Humanitarian negotiations take place in the real world, where parties bring implicit and explicit bias. Negotiators’ identity characteristics and past experiences thus shape how their counterparts perceive them, and vice versa (Alsalem and Grace 2021). As one interviewee in Alsalem and Grace’s study explained, “In one country [in the Middle East], a woman was able to negotiate an access document. The national counterparts said that they had liked the fact that she was a pregnant woman. This is a respected role.”
Alsalem and Grace argue that diversity is not a side conversation in the negotiation space, but should be brought to the centre of understandings of the negotiation process. In the words of another interviewee—”Who says something is at least as important as what is being said.”
Alsalem and Grace argue that diversity is not a side conversation in the negotiation space, but should be brought to the centre of understandings of the negotiation process.
A circle discussion had already taken place in the CCHN annual summit of 2018. It came following the initial research that Reem Alsalem conducted on the link between diversity and humanitarian negotiations. One interesting thread from the 2018 circle discussion was around gender, as several participants spoke to the advantages of being female in frontline negotiations. However, they also highlighted that the space was frequently dominated by men, and often white men.
In June and July 2021, the CCHN held a virtual summit on Frontline Humanitarian Negotiation that included again a panel on diversity and humanitarian negotiation with a focus on initiatives that humanitarian organizations were taking to leverage the diversity of their staff and to be more supportive of their diverse workforce. It highlighted the need for humanitarian organizations to ‘walk the talk’. Alsalem and Grace’s research had shown that organizations had not given these issues sufficient attention. For example, only 21% of surveyed humanitarian negotiators working in the Middle East and Northern Africa region reported that their organisations had structured processes for analysing the culture, background, and other diversity-related aspects pertaining to the counterparts with which they were negotiating.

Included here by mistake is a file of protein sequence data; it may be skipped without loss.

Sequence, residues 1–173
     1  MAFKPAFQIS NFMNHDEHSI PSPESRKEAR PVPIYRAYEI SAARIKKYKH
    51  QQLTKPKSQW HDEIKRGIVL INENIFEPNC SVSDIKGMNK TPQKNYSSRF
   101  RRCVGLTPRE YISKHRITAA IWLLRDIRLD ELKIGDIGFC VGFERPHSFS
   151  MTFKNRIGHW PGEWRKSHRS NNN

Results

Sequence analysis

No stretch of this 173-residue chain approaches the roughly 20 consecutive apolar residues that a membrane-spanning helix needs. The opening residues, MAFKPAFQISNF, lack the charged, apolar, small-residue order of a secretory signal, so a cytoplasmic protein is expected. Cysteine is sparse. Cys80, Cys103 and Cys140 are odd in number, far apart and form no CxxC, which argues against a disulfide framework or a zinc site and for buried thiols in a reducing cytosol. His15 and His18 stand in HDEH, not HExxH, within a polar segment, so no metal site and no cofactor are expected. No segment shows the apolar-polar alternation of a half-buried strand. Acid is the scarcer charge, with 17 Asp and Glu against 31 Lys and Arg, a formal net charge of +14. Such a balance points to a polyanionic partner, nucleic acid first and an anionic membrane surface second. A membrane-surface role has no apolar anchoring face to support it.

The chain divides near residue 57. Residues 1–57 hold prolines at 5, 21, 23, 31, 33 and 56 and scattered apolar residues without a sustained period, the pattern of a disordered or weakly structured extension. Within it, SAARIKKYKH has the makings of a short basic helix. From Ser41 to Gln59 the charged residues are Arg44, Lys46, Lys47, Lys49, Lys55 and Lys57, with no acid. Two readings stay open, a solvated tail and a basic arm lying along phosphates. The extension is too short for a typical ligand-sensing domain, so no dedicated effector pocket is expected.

Panellists from the Swedish Red Cross, United Nations High Commissioner for Refugees (UNHCR), and Save the Children Jordan presented on initiatives their organisations were taking to address issues of diversity and inclusion.